Subseasonal Earth System Prediction with CESM2

Jadwiga H. Richter, Anne A. Glanville, James Edwards, Brian Kauffman, Nicholas A. Davis, Abigail Jaye, Hyemi Kim, Nicholas M. Pedatella, Lantao Sun, Judith Berner, Who M. Kim, Stephen G. Yeager, Gokhan Danabasoglu, Julie M. Caron, and Keith W. Oleson

Department of Energy, Office of Science, Earth & Environmental Systems Modeling, MultiSector Dynamics Program Acknowledged Support: No, other Non-MSD source of support

DOI:https://doi.org/10.1175/WAF-D-21-0163.1

Abstract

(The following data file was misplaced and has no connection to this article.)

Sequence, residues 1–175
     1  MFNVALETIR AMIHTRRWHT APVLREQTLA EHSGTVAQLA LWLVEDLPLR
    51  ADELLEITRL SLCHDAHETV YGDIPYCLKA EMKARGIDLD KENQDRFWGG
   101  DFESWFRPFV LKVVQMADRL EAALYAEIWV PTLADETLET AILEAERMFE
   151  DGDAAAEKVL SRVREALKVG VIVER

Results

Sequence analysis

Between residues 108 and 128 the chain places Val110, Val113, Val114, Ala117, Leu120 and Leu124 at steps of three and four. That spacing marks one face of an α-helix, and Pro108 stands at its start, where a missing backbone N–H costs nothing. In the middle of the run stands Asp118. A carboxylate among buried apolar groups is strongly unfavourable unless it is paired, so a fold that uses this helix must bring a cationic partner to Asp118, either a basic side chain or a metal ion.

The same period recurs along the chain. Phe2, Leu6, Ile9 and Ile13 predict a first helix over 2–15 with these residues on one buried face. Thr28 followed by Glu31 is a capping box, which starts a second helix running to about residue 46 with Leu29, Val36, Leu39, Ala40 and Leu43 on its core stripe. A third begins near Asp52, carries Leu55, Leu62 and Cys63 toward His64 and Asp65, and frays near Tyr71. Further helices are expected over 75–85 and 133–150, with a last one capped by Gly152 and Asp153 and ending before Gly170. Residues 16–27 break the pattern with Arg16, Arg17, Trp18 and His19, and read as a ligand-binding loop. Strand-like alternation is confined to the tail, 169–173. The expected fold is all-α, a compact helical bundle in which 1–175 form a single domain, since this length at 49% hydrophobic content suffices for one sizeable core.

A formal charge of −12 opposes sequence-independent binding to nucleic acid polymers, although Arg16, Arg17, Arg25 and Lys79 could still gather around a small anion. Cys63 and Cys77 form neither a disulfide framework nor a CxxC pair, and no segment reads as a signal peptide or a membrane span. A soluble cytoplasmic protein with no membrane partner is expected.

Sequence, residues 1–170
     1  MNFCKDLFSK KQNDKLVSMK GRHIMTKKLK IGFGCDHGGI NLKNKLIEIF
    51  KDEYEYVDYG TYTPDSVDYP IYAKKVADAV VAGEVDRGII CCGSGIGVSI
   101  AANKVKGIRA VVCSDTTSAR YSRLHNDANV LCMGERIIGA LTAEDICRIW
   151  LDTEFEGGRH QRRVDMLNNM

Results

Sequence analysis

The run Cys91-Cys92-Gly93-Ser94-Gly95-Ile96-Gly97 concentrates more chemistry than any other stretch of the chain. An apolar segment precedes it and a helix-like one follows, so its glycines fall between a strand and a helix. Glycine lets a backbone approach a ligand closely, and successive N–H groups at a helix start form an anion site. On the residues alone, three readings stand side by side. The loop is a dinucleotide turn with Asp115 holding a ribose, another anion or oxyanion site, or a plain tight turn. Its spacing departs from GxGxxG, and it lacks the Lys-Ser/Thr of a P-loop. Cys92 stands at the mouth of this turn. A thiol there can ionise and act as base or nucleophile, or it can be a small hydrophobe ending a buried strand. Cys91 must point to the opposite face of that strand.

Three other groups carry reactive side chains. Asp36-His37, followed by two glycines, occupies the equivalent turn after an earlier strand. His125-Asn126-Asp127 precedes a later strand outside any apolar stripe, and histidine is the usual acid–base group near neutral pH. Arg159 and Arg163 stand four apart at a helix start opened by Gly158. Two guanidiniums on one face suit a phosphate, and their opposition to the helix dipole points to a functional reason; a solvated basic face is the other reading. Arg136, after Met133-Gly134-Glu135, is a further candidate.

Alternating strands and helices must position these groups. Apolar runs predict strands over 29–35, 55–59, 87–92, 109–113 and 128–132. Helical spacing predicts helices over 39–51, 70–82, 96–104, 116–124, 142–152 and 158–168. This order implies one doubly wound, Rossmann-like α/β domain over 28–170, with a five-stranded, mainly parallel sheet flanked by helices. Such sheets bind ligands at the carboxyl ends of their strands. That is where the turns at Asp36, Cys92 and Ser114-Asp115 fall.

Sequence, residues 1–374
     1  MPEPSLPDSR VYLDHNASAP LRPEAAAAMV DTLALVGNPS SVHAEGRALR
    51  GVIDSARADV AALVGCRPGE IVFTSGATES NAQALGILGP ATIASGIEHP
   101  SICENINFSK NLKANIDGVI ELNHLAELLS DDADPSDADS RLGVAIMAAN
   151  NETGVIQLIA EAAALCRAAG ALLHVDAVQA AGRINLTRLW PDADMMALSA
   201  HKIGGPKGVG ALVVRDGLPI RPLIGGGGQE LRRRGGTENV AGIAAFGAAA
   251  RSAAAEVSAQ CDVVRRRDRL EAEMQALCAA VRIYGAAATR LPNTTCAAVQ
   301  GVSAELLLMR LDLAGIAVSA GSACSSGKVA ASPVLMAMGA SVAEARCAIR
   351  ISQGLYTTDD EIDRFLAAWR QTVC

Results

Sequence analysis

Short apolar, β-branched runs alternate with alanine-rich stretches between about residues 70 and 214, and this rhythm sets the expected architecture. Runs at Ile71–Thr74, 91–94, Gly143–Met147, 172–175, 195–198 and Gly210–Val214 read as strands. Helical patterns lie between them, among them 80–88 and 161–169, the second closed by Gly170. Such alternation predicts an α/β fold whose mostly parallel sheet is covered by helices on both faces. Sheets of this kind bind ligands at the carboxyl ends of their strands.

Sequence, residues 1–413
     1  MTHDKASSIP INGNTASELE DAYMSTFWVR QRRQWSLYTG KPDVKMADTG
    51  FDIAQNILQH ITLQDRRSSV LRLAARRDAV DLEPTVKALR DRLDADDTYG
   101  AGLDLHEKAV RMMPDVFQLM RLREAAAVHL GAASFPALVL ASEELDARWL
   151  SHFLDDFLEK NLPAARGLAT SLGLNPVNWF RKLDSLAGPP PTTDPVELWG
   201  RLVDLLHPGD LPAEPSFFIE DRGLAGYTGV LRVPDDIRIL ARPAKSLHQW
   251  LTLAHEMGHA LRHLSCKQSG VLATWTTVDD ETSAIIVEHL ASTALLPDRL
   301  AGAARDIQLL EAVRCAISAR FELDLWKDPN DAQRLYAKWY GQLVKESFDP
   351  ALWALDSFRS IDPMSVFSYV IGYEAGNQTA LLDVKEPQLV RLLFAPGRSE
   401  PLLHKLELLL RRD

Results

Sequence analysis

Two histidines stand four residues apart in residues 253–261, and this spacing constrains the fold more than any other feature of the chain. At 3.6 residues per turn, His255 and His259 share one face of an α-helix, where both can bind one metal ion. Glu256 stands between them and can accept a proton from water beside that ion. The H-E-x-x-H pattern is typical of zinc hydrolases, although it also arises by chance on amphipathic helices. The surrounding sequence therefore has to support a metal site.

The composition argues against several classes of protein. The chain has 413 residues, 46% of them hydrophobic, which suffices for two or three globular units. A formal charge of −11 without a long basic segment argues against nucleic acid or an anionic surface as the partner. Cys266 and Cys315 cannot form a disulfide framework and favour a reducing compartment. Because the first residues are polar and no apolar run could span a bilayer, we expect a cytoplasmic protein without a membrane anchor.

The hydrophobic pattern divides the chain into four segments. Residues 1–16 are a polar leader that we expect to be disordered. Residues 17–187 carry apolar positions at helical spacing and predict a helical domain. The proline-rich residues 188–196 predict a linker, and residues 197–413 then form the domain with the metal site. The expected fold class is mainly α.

Prediction systems to enable Earth system predictability research on the subseasonal time scale have been developed with the Community Earth System Model, version 2 (CESM2) using two configurations that differ in their atmospheric components. One system uses the Community Atmosphere Model, version 6 (CAM6) with its top near 40 km, referred to as CESM2(CAM6). The other employs the Whole Atmosphere Community Climate Model, version 6 (WACCM6) whose top extends to ∼140 km, and it includes fully interactive tropospheric and stratospheric chemistry [CESM2(WACCM6)]. Both systems are utilized to carry out subseasonal reforecasts for the 1999–2020 period following the Subseasonal Experiment’s (SubX) protocol. Subseasonal prediction skill from both systems is compared to those of the National Oceanic and Atmospheric Administration CFSv2 and European Centre for Medium-Range Weather Forecasts (ECMWF) operational models. CESM2(CAM6) and CESM2(WACCM6) show very similar subseasonal prediction skill of 2-m temperature, precipitation, the Madden–Julian oscillation, and North Atlantic Oscillation to its previous version and to the NOAA CFSv2 model. Overall, skill of CESM2(CAM6) and CESM2(WACCM6) is a little lower than that of the ECMWF system. In addition to typical output provided by subseasonal prediction systems, CESM2 reforecasts provide comprehensive datasets for predictability research of multiple Earth system components, including three-dimensional output for many variables, and output specific to the mesosphere and lower-thermosphere (MLT) region from CESM2(WACCM6). It is shown that sudden stratosphere warming events, and the associated variability in the MLT, can be predicted ∼10 days in advance. Weekly real-time forecasts and reforecasts with CESM2(CAM6) and CESM2(WACCM6) are freely available.

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